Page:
Instead of showing us both Noah (Dominic West) and Alison’s (Ruth Wilson) different takes on specific moments of their affair (boys and girls see things differently, just so you know), episode four gives us Noah’s angle leading up to the couple having sex for the first time, and Alison’s angle of the aftermath of the sex. This essentially removes the main gimmick from the show, but that’s fine. The gimmick needed a break, anyway. What it also does, though, is keep Noah and Alison together. With each other. In almost every scene. Talking. Sometimes screwing. Mostly talking. It turns out – and I don’t know how I didn’t notice before – that Noah and Alison are fucking morons, whose complete lack of anything interesting say makes for negative chemistry. Whatever pulse this show had in previous episodes must be the supporting cast and the impending destruction of their families as opposed to these two Cary-Grant-and-Katherine-Hepburn-ing it up throughout the Hamptons. Every time this particular episode goes to do something interesting, like one character needing the other to talk him or her in to or out of the affair, the other character follows it up by saying something blindingly stupid. It’s not necessarily contrived, like the writers needed the characters to do something a little off in order to get them where they needed to be. It’s more like the writers spin a giant wheel of random phrases and responses, and whatever the wheel lands on is what needs to happen. Is this just an off-episode for The Affair, and it will find its bearings by episode five? Maybe, but it no longer matters. You only need to fuck up once to get your ass handed to you by one of the best new shows of this fall; a show that has the strongest first four episodes of any show in recent memory.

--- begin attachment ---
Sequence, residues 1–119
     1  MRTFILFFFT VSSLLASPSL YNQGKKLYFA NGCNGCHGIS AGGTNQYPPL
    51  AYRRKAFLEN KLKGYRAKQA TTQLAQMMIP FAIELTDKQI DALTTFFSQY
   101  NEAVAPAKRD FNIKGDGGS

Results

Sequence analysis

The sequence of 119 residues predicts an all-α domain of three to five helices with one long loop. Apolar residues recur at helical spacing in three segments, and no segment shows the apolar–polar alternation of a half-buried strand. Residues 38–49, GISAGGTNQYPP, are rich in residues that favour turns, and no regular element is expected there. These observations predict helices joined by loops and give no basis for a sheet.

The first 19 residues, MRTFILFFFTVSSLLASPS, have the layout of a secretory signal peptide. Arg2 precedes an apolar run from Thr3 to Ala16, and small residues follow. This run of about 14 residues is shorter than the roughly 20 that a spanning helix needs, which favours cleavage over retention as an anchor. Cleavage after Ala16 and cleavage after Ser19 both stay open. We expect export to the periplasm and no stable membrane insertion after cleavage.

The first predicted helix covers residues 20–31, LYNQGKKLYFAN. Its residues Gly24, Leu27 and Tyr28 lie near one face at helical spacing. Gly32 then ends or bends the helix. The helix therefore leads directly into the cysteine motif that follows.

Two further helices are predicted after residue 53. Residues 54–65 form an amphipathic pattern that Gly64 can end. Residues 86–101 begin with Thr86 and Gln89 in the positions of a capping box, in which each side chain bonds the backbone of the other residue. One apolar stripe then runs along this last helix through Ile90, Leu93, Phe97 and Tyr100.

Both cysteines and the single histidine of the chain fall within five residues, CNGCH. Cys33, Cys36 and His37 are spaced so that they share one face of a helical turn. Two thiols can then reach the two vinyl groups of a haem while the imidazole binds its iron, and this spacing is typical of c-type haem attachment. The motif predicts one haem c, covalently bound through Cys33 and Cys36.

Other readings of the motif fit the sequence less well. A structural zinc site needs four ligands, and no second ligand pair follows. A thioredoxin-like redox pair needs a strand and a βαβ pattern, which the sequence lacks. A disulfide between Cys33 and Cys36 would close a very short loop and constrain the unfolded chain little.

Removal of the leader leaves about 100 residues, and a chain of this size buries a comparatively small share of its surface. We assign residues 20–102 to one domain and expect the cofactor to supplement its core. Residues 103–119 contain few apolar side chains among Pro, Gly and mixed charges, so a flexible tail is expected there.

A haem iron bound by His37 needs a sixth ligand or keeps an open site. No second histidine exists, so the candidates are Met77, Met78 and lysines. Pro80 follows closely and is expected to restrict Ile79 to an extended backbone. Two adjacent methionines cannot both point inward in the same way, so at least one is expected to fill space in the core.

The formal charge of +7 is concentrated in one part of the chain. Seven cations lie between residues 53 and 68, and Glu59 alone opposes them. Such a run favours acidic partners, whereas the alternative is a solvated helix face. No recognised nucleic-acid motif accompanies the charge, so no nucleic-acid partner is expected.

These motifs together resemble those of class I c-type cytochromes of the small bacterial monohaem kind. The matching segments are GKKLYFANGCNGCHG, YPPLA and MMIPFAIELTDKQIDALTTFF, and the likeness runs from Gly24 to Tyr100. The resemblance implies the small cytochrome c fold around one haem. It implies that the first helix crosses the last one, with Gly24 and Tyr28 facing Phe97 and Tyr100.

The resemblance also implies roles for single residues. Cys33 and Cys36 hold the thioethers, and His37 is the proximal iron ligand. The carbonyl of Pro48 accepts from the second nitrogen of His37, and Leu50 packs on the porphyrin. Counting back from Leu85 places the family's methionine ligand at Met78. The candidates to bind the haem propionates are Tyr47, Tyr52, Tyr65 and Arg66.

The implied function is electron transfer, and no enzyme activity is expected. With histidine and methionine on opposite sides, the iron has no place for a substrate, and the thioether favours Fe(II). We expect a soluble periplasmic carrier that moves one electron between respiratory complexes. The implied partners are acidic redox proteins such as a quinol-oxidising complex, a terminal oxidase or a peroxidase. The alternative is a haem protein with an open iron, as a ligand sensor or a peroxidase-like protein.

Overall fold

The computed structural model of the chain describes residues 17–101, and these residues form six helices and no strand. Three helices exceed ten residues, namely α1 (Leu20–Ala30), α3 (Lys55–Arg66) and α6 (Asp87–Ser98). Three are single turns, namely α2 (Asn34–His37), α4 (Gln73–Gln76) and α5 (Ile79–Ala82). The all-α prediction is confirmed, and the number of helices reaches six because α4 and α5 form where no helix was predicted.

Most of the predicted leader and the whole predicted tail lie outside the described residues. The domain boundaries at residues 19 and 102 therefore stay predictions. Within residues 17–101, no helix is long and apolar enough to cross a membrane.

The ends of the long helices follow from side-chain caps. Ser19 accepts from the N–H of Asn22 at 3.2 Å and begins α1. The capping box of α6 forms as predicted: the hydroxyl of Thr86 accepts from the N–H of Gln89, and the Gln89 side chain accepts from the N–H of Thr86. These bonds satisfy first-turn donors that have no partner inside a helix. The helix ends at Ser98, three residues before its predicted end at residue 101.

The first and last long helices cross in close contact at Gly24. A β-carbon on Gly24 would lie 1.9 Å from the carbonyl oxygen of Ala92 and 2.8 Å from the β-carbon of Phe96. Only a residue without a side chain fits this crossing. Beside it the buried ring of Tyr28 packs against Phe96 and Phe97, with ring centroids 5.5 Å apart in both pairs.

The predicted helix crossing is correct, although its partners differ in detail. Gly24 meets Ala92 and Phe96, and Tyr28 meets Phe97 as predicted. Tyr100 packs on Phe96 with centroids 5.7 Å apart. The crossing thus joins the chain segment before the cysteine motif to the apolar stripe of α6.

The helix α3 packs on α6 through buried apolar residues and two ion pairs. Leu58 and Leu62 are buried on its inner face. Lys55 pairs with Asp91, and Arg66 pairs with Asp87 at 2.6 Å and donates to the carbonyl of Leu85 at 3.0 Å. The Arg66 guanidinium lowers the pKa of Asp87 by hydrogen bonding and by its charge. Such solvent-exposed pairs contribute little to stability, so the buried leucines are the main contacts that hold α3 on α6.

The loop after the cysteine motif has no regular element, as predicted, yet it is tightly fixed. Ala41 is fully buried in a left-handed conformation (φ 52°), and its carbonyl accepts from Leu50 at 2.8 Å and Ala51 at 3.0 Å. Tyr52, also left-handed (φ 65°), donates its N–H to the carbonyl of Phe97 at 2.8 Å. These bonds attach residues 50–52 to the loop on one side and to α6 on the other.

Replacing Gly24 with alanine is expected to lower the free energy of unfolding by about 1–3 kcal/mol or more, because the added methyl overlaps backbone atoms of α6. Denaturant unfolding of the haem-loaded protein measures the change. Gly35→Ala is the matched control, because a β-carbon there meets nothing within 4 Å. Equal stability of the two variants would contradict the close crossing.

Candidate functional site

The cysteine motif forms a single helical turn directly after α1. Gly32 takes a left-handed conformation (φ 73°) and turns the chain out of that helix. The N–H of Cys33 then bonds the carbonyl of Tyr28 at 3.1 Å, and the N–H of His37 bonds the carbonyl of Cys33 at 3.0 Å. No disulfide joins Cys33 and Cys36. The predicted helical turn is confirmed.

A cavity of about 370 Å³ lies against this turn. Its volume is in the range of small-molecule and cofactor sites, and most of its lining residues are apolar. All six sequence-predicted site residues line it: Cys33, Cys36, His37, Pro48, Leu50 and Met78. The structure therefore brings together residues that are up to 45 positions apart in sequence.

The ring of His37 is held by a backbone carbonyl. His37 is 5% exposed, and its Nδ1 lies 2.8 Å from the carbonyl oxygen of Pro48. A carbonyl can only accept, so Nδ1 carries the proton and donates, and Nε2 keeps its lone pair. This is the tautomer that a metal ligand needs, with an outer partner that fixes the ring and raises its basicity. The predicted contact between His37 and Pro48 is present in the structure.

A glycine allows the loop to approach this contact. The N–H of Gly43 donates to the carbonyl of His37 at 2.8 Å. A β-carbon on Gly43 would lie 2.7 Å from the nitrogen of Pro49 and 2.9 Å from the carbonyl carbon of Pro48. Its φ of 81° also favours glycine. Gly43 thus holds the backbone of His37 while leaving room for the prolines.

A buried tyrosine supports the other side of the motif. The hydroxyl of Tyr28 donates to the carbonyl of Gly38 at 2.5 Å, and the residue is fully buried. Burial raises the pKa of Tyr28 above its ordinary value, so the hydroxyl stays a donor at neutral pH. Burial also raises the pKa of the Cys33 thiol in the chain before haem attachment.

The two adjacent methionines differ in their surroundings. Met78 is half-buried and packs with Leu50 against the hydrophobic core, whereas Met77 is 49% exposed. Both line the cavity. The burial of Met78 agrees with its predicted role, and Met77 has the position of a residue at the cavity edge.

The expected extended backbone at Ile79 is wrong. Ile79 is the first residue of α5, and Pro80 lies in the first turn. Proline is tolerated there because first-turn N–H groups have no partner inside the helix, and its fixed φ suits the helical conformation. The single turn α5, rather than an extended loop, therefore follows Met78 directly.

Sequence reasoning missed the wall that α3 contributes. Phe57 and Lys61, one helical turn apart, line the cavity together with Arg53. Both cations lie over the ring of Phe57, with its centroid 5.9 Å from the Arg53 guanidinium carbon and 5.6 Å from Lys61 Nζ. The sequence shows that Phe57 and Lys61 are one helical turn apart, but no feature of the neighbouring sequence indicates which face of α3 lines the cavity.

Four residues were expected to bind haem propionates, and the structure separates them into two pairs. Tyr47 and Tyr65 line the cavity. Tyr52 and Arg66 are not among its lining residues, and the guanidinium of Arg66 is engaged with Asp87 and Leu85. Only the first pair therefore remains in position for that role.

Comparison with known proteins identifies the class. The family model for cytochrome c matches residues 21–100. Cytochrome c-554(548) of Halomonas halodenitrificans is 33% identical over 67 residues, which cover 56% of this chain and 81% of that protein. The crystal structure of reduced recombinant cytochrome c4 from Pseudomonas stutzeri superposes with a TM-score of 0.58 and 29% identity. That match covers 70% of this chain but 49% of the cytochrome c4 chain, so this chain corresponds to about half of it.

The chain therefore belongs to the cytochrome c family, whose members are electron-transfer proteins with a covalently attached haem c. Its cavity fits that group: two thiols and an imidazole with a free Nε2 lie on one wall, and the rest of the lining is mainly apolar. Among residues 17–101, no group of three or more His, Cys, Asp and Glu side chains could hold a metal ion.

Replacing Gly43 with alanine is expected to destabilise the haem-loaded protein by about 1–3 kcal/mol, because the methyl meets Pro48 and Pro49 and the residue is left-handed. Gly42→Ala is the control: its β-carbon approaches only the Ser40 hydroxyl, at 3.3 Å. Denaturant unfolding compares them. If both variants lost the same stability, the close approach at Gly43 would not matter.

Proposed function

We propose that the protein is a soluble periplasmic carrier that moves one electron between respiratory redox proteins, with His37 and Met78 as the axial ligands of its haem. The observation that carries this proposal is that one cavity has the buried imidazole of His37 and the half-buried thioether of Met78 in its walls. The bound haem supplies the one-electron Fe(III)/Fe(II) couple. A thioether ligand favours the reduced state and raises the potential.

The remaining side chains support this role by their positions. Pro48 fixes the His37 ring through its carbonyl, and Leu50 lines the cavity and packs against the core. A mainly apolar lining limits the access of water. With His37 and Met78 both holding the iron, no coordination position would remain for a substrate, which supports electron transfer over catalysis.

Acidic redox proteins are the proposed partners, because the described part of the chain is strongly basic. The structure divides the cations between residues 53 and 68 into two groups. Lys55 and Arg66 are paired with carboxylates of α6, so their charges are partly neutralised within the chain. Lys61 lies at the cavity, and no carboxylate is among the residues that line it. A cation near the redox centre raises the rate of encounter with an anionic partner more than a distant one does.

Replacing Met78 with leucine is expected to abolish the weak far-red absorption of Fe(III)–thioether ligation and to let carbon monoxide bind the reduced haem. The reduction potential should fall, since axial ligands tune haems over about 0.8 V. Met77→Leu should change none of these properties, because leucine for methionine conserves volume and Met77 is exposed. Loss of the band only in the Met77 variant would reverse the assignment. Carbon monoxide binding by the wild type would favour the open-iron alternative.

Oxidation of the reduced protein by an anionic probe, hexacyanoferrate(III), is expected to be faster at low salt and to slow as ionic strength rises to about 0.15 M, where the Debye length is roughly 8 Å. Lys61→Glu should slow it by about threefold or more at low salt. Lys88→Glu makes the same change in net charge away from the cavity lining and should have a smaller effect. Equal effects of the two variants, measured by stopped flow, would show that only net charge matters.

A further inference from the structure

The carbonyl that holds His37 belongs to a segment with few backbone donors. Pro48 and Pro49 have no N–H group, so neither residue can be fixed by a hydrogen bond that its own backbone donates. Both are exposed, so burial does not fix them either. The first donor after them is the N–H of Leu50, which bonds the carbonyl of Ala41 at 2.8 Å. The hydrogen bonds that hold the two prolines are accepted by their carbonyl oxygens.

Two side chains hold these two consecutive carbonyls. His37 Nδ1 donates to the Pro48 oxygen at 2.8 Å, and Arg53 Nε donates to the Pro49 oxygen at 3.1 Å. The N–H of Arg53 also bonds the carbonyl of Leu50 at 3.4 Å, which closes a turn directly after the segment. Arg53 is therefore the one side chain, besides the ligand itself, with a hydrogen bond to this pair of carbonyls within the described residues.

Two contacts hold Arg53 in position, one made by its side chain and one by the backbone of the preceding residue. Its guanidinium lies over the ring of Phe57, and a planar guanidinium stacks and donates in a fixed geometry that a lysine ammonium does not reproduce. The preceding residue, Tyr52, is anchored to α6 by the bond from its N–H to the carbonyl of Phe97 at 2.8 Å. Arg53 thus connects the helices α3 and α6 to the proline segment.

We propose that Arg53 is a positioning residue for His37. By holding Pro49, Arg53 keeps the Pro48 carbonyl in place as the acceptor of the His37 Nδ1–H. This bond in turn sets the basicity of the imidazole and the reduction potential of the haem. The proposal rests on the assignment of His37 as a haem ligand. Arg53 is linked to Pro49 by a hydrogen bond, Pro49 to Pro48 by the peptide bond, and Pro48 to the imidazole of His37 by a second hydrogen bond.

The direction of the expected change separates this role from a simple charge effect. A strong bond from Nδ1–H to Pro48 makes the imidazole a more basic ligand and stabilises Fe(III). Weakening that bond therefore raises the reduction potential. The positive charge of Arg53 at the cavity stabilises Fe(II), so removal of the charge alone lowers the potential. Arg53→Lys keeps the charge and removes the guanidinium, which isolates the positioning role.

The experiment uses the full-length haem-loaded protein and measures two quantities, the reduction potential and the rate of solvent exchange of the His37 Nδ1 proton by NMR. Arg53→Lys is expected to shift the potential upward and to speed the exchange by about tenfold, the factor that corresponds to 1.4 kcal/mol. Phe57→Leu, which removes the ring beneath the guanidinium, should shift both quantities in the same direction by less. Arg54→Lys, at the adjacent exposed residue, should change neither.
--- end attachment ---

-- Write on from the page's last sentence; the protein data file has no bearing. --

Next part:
Jane the Virgin is a runaway train of sheer fucking glee. It would have been hard for any show to keep it out of the finals, off-episode or not. I want to make it perfectly clear that this isn’t one show winning thanks only to another show taking a dump. This was a much-anticipated drama getting throttled by a telenovela-inspired CW show. The world of TV is a wacky place where anything can happen.